Erythro- and Threo- prefixes: the (same-) or (opposite-) side?

“Chloramphenicol possesses two chiral carbon atoms in the acylamidopropanediol chain. Biological activity resides almost exclusively in the D-threo-, isomer: the L-threoand the D– and L-erythro– isomers are virtually inactive.”  – – – from “Wilson and Gisvold’s Textbook of organic medicinal and pharmaceutical chemistry”.

In the name “D-threo– and L-threo-Chloramphenicol”, what does the prefix threo– and erythro– in the nomenclature mean? How do we translate the name to structure? This blog is basically to understand and interpret the erythro-/threo- prefixes employed while naming organic molecules.

The prefixes erythro- and threo– nomenclature originates from the four carbon sugars erythrose and threose. In a molecule containing n stereocenters, the number of possible stereoisomers vary depending whether the molecule is constitutionally unsymmetrical (non-identical centers of chirality) or constitutionally symmetrical.

Constitutionally symmetrical and unsymmetrical molecules

In a constitutionally symmetrical molecule, the chiral/stereogenic centers equidistant from the geometrical center of the molecule are identically substituted. In molecule (I), 2,3-diibromosuccinic acid, contains two chiral centers but the four ligands attached to one carbon atom (COOH, Br, H and CH(Br)COOH are the same as those attached to the second chiral center. Hence the molecule (I) is categorized as constitutionally symmetrical.

Constitutionally symmetrical VS unsymmetrical chiral centers

On the other hand in constitutionally unsymmetrical molecule, the chiral centers equidistant from the geometrical center of the molecule are not identically substituted. For instance in the case of molecule (II), 2,3,4-trihydroxybutanal (erythrose), has again two chiral centers but the four ligands attached to one carbon atom are (CHO, H, OH and CH(OH)CH2OH) and on the other chiral center are (CH2OH, OH, H and CH(OH)CHO, which is different. Here we find the molecule has two non-identically substituted chiral centers making the molecule (II) constitutionally unsymmetrical.

To understand the erythro-/threo– nomenclature let us examine constitutionally unsymmetrical stereogenic center.

Constitutionally unsymmetrical stereogenic center

An acyclic, constitutionally unsymmetrical molecule can exist in 2n stereoisomers which are enantiomeric in pairs. In other words, such a molecule can exhibit 2 (n-1) enantiomeric pairs. As a simple example with n⹀2, let us examine four carbon sugars, with two different stereogenic centers. The C4 sugar therefore, with two different stereogenic centers, should exist in four enantiomeric forms and two racemic mixtures. These are known as threose and erythrose. and have the Fischer projections III-VI.

Stereoisomeric relationships between erythro– and threo– pairs

Erythrose exist in enantiomeric forms (III and IV) as does threose (V and VI). Between any erythro-isomer and threo-isomer, the relationship is that of diastereoisomerism. Thus compounds represented by (III and V) and (IV and VI) are not mirror-images; are diastereoisomeric (2n -2 diastereomers). These diastereomers which differ in the configuration of a single stereocenter (i.e., which have identical configuration on n-1 centers) are called epimers. Any stereoisomer in such a series has n epimers.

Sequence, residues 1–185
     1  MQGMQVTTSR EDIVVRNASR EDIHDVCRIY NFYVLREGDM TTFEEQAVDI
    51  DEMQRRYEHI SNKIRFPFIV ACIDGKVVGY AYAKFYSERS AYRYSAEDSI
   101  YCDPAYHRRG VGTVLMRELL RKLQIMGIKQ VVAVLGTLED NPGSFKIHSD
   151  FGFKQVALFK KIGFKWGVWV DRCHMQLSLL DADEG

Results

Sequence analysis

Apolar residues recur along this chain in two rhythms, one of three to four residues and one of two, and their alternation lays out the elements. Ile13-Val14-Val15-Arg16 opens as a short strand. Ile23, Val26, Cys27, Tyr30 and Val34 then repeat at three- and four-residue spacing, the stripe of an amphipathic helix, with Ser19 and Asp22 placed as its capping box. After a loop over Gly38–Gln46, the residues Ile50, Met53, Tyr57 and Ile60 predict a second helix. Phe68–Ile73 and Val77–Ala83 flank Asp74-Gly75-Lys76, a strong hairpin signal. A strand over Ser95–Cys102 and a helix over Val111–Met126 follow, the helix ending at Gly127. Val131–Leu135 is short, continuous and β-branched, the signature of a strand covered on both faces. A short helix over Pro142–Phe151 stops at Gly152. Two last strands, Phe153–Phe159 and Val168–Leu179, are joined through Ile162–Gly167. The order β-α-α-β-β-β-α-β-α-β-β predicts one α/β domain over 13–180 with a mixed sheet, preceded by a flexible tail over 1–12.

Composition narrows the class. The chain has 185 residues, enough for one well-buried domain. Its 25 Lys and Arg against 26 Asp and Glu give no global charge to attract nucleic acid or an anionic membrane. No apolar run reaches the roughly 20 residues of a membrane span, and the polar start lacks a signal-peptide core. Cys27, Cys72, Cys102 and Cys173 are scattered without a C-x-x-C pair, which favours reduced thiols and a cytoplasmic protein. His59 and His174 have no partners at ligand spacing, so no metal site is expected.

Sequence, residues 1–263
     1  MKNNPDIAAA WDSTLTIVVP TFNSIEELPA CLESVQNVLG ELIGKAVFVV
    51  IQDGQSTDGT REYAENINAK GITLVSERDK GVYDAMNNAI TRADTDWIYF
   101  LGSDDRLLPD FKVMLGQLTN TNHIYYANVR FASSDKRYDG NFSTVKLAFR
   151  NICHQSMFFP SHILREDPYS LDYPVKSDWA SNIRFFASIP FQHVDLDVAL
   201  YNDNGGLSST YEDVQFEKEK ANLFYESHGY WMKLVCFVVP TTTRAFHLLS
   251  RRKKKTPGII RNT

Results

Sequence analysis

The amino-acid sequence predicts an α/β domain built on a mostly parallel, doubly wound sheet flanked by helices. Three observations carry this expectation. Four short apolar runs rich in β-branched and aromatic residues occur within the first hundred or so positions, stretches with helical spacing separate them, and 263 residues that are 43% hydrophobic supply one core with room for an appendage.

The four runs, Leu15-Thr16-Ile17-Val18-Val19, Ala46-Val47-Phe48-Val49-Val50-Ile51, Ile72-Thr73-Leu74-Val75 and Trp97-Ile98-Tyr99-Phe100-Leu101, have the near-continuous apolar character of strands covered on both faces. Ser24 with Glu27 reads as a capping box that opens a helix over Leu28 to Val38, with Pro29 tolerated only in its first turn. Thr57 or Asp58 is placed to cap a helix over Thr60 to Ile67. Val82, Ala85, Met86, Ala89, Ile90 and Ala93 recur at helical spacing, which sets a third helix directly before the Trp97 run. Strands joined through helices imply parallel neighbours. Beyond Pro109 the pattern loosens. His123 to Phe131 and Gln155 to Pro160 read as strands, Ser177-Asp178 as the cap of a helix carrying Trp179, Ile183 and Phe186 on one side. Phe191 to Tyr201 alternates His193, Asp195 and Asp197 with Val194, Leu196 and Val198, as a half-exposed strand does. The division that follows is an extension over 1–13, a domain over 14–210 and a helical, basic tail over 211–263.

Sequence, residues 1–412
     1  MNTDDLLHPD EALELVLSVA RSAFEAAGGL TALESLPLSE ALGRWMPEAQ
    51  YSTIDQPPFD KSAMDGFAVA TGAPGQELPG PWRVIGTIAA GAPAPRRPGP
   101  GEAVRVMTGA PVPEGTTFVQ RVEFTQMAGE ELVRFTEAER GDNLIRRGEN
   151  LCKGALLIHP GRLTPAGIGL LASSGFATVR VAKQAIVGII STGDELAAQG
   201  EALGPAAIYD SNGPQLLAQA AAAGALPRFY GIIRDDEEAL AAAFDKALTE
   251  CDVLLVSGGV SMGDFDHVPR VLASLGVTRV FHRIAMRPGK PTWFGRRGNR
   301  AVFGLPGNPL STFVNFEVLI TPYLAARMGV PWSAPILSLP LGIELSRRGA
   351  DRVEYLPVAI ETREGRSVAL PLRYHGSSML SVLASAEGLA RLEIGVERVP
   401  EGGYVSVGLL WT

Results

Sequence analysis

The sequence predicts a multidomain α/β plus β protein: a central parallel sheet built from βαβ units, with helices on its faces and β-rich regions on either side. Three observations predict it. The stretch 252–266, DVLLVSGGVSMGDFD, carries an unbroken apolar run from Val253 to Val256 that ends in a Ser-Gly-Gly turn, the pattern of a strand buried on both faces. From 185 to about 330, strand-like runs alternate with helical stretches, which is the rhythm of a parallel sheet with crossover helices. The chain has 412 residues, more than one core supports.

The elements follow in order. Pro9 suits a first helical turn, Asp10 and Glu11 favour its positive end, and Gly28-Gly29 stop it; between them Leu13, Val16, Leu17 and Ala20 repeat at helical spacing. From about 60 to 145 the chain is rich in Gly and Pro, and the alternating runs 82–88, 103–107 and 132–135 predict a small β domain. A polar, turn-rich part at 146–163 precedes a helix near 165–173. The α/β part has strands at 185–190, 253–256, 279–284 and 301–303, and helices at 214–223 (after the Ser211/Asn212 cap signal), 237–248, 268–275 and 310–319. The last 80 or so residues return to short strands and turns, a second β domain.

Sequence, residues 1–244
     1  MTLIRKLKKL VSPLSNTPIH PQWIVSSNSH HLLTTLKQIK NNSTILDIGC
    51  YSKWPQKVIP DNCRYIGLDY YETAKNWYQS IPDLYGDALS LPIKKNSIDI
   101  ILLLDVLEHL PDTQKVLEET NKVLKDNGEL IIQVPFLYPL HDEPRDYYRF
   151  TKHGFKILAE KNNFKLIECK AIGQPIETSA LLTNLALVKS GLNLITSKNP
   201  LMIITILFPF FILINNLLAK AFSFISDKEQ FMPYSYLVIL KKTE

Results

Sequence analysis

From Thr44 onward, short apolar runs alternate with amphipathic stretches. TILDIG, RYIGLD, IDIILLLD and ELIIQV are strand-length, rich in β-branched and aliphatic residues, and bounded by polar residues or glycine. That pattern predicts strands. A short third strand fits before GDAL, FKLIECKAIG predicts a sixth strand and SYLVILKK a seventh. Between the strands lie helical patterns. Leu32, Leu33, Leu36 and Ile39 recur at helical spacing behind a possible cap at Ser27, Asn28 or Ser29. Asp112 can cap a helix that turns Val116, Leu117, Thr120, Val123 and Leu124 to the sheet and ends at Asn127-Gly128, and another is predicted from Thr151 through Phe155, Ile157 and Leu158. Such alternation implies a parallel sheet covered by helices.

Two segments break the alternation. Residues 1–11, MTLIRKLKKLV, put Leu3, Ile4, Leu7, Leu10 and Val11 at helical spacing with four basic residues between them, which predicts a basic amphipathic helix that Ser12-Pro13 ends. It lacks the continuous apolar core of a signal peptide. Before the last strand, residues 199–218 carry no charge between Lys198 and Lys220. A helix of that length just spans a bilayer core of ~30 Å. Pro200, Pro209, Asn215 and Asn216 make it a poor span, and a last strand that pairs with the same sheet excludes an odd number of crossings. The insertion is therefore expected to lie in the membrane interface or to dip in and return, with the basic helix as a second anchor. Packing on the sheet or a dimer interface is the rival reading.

The prefixes threo- and erythro-

Other molecules with two different stereogenic centers, not necessarily on adjacent carbon atoms, are frequently designated by the prefix threo- and erythro-.    These are interpreted as meaning that two identical (or similar groups are on the  same side (erythro) or on opposite side (threo) of the carbon chain when expressed as a Fischer projection.

Case study: Chloramphenicol Stereoisomers (in Fischer Projection)

The broad spectrum antibacterial Chloramphenicol is a good example to illustrate the erythro-/threo notation. Chloramphenicol contains two stereogenic centers and can exist in four stereoisomeric forms. These are presented in the Fischer projection formula (VII, VIII, IX, & X).

Among the four stereoisomers of chloramphenicol the biological activity resides only in the D-threo-isomer (IX) with absolute configuration (R,R). The IUPAC name for chloramphenicol is 2,2-dichloro-N-[(1R,2R)-1,3-dihydroxy-1-(4-nitrophenyl)propan-2-yl]acetamide

Practice exercise

  1. Apply prefixes, threo– or erythro– correctly to the following structures [XI, XII, and XIII]

2. Draw Fischer projection formula of Ephedrine, a CNS stimulant, which carries two stereogenic centers. Identify the erythro-and threo- pairs and study the stereoisomeric relationships between the pairs. Comment on their biological activity.

References and Further reading

Wilson and Gisvold’s Textbook of organic medicinal and pharmaceutical chemistry, Edited by John H. Block and John M. Beale, Jr., 12th edition, Lippincott Williams & Wilkins, New York, 2010.

Foye’s Principles of Medicinal Chemistry, Lemke, Thomas L. (Editor),  Williams, David A. (Editor),  Roche, Victoria F. (Editor), 7th edition, Lippincott Williams & Wilkins, New York, 2012.

Jerry March, Advanced Organic Chemistry: Reactions, Mechanisms and Structure, John Wiley & Sons Inc., New York, 2006.

Bernard Testa, Principles of organic stereochemistry, Marcel Dekker Inc., New York, 1979.


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  1. Pingback: The meso compounds: finding plane of symmetry – Chiralpedia

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